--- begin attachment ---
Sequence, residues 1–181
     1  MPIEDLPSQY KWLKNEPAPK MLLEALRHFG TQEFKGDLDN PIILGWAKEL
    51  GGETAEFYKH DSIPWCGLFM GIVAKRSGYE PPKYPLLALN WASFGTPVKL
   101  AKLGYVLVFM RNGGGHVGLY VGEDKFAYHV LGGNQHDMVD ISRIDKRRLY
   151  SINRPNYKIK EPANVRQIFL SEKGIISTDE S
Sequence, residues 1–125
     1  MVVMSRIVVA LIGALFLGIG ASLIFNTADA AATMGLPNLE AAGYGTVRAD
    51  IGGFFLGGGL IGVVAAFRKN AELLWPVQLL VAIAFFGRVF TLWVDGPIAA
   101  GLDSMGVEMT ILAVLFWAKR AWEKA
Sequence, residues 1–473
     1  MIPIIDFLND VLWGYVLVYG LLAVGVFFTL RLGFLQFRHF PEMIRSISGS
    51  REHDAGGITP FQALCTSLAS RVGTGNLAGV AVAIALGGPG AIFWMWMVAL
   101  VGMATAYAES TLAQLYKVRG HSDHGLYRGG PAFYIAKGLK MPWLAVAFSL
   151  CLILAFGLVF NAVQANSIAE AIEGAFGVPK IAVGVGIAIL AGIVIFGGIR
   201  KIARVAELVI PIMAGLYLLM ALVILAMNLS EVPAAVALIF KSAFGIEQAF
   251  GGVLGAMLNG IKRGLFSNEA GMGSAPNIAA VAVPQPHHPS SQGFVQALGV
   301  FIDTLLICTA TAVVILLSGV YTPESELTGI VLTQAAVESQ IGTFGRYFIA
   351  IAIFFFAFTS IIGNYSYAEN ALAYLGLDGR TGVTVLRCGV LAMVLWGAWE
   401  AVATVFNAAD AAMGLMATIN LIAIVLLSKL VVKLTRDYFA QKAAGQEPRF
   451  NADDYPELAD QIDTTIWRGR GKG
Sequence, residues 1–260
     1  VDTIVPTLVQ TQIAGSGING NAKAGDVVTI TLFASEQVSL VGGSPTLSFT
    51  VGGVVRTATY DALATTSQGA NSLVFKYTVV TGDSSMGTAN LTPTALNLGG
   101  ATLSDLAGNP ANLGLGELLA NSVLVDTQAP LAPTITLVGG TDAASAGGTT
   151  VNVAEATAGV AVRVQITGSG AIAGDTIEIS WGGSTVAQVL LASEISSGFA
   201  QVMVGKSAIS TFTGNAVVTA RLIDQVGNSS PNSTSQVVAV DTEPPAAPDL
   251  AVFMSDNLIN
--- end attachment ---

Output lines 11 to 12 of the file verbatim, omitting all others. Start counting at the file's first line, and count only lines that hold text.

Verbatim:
     1  MIPIIDFLND VLWGYVLVYG LLAVGVFFTL RLGFLQFRHF PEMIRSISGS
    51  REHDAGGITP FQALCTSLAS RVGTGNLAGV AVAIALGGPG AIFWMWMVAL